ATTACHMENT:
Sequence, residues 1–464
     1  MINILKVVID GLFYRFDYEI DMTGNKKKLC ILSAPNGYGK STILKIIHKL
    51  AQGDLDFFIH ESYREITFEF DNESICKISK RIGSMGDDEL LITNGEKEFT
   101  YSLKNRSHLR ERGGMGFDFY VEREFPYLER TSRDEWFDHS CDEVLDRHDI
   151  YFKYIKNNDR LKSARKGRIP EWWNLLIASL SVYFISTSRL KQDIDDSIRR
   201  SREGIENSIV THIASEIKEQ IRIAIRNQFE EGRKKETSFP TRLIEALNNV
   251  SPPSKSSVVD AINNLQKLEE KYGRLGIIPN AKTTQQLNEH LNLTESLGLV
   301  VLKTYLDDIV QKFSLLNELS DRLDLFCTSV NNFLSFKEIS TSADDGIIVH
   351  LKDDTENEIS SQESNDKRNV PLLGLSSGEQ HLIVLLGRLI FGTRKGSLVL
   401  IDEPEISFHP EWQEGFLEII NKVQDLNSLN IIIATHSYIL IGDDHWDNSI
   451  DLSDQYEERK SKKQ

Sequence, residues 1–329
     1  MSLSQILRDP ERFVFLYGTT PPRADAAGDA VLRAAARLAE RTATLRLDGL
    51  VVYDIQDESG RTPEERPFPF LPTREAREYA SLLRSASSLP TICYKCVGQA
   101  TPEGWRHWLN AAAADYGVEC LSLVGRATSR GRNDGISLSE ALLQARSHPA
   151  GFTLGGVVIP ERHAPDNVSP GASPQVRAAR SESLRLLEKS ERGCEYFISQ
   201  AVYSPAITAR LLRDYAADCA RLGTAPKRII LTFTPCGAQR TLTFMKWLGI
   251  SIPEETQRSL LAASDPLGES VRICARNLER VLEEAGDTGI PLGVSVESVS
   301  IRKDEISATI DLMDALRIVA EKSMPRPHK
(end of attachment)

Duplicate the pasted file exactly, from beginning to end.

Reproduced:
Sequence, residues 1–464
     1  MINILKVVID GLFYRFDYEI DMTGNKKKLC ILSAPNGYGK STILKIIHKL
    51  AQGDLDFFIH ESYREITFEF DNESICKISK RIGSMGDDEL LITNGEKEFT
   101  YSLKNRSHLR ERGGMGFDFY VEREFPYLER TSRDEWFDHS CDEVLDRHDI
   151  YFKYIKNNDR LKSARKGRIP EWWNLLIASL SVYFISTSRL KQDIDDSIRR
   201  SREGIENSIV THIASEIKEQ IRIAIRNQFE EGRKKETSFP TRLIEALNNV
   251  SPPSKSSVVD AINNLQKLEE KYGRLGIIPN AKTTQQLNEH LNLTESLGLV
   301  VLKTYLDDIV QKFSLLNELS DRLDLFCTSV NNFLSFKEIS TSADDGIIVH
   351  LKDDTENEIS SQESNDKRNV PLLGLSSGEQ HLIVLLGRLI FGTRKGSLVL
   401  IDEPEISFHP EWQEGFLEII NKVQDLNSLN IIIATHSYIL IGDDHWDNSI
   451  DLSDQYEERK SKKQ

Sequence, residues 1–329
     1  MSLSQILRDP ERFVFLYGTT PPRADAAGDA VLRAAARLAE RTATLRLDGL
    51  VVYDIQDESG RTPEERPFPF LPTREAREYA SLLRSASSLP TICYKCVGQA
   101  TPEGWRHWLN AAAADYGVEC LSLVGRATSR GRNDGISLSE ALLQARSHPA
   151  GFTLGGVVIP ERHAPDNVSP GASPQVRAAR SESLRLLEKS ERGCEYFISQ
   201  AVYSPAITAR LLRDYAADCA RLGTAPKRII LTFTPCGAQR TLTFMKWLGI
   251  SIPEETQRSL LAASDPLGES VRICARNLER VLEEAGDTGI PLGVSVESVS
   301  IRKDEISATI DLMDALRIVA EKSMPRPHK